Conversion put me in a complicated and comprehensive chaos. I sometimes wonder, when I hear other Christians pray for the salvation of the “lost,” if they realize that this comprehensive chaos is the desired end of such prayers.... Sometimes in crisis, we don’t really learn lessons. Sometimes the result is simpler and more profound: sometimes our character is simply transformed. – Rosaria
Rosaria, by the standards of many, was living a very good life. She had a tenured position at a large university in a field for which she cared deeply. She owned two homes with her partner, in which they provided hospitality to students and activists that were looking to make a difference in the world. In the community, Rosaria was involved in volunteer work. At the university, she was a respected advisor of students and her department’s curriculum.
Then, in her late 30s, Rosaria encountered something that turned her world upside down—the idea that Christianity, a religion she had regarded as problematic and sometimes downright damaging, might be right about who God was. That idea seemed to fly in the face of the people and causes that she most loved. What follows is a story of what she describes as a train wreck at the hand of the supernatural. These are her secret thoughts about those events, written as only a reflective English professor could.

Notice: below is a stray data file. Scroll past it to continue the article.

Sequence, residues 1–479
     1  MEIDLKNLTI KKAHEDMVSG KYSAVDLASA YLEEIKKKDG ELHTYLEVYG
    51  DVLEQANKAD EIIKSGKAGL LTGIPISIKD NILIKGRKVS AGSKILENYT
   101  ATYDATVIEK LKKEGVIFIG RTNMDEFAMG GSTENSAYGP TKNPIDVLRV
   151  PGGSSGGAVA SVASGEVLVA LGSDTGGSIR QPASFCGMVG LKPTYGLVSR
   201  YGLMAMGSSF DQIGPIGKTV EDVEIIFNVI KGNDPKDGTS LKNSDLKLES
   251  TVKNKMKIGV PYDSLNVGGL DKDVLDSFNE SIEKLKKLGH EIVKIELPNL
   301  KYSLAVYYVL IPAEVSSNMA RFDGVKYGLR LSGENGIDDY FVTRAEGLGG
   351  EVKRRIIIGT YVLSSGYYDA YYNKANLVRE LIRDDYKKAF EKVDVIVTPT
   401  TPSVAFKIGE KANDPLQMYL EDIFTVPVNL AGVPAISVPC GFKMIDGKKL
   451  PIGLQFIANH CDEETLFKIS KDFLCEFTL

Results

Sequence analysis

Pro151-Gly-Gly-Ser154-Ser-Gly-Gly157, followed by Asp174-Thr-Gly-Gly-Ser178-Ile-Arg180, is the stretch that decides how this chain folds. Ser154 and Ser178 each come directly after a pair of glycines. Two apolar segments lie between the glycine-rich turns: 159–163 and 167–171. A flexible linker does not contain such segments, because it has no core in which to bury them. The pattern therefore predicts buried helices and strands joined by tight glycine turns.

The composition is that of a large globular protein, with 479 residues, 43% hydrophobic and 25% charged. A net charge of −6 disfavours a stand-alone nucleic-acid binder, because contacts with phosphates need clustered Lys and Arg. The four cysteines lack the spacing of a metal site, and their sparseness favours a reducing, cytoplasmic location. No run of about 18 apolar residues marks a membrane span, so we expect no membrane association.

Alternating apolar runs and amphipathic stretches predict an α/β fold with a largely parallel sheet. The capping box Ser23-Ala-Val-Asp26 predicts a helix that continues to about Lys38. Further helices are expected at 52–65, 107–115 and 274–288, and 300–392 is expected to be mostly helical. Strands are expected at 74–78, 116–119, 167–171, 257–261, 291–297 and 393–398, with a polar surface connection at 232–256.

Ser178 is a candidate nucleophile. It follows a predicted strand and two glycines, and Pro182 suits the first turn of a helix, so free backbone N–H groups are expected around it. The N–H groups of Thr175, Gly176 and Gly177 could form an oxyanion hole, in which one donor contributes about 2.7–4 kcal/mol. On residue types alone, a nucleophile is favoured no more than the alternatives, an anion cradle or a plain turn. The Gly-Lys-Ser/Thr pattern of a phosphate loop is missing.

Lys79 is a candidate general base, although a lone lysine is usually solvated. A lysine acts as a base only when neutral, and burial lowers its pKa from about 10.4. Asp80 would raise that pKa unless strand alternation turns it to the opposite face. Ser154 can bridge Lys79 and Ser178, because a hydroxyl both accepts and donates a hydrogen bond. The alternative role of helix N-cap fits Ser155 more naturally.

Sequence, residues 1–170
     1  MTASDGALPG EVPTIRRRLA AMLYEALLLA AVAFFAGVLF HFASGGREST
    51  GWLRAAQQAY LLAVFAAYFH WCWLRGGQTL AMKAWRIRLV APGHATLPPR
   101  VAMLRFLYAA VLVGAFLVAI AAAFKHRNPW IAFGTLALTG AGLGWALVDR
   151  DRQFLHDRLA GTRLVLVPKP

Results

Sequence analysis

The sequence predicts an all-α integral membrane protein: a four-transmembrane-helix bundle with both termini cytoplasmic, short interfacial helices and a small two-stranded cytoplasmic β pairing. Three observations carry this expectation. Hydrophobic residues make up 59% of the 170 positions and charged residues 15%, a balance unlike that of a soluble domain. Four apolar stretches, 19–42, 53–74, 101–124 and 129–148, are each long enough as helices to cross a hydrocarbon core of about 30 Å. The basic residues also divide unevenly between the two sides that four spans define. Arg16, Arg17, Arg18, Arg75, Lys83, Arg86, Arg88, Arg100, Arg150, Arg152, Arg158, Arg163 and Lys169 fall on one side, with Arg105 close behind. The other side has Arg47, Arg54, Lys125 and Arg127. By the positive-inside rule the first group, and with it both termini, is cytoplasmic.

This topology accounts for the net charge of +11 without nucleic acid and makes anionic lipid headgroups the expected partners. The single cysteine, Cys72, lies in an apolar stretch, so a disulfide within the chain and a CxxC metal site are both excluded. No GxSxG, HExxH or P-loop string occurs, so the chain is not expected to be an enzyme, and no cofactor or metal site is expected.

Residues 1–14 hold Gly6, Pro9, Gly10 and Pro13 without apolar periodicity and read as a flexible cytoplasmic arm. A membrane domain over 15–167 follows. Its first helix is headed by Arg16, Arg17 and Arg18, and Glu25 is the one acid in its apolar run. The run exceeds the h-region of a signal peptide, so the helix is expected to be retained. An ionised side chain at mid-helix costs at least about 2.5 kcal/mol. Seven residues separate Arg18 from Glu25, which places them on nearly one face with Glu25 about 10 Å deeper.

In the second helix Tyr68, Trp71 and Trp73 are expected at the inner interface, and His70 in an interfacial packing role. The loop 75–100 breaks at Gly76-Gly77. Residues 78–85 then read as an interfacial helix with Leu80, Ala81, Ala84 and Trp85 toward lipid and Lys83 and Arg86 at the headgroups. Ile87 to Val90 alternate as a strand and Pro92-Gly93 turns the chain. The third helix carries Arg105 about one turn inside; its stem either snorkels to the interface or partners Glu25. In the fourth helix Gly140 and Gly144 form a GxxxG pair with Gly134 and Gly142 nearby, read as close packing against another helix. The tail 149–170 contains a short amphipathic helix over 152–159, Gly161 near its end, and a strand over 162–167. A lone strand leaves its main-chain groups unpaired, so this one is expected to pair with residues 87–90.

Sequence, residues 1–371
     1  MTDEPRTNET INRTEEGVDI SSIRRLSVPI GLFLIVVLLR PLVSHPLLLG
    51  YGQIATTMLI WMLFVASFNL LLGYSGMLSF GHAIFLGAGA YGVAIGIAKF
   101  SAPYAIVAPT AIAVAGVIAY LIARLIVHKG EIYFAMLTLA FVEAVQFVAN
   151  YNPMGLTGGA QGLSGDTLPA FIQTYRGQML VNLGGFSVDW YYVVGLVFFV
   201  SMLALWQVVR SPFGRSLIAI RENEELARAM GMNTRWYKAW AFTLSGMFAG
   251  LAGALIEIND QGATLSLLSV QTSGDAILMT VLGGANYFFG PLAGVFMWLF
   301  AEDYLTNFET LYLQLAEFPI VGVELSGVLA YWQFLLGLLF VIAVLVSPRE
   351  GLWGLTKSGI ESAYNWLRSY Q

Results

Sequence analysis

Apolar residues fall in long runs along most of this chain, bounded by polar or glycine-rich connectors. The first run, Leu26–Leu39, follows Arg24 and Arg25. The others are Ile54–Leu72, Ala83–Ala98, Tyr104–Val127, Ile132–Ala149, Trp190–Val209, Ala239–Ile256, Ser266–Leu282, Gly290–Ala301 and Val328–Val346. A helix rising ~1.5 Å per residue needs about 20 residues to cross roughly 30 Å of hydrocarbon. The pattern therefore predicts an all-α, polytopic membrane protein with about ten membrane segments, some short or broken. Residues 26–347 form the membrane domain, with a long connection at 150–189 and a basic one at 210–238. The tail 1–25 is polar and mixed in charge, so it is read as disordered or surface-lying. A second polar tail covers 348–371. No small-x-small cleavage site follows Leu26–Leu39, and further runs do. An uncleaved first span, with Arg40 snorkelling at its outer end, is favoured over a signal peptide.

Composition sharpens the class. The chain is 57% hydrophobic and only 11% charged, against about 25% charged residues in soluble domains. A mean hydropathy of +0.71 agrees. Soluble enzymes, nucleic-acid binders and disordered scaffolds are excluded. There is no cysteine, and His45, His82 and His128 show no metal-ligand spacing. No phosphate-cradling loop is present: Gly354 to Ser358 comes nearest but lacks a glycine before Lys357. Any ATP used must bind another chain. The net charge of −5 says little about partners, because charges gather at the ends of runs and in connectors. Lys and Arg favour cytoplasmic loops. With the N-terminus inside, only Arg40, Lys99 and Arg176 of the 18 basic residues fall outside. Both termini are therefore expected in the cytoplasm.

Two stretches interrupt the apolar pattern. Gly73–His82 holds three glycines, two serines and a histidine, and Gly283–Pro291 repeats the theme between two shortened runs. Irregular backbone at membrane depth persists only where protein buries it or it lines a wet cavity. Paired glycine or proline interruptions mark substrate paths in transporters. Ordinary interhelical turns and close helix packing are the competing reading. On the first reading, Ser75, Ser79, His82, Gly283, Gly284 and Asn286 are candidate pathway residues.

Includes a Foreword by Kenneth G. Smith
About the Author
Rosaria and her husband, Kent, live in North Carolina with three of their four children, where Kent serves as a pastor in a Reformed Presbyterian church.
154 Pages Publisher: Crown and Covenant Publications Publication Date: 2012 ISBN 13: 9781884527388
“This autobiography is the launchpad for numerous sophisticated reflections on the nature of life, faith, sexuality, worship, education and other matters. As one would expect from a lover of nineteenth century literature, the book is also beautifully written with many a well-turned sentence; and as one would expect from someone schooled at the highest levels in critical theory, it eschews simplistic pieties for stimulating analyses of both Christian and non-Christian culture.
“I cannot recommend this book highly enough. I do not agree with everything she says; but I did learn from everything she wrote. It deserves the widest possible readership.” - Carl Trueman, Paul Woolley Professor of Church History, Westminster Theological Seminary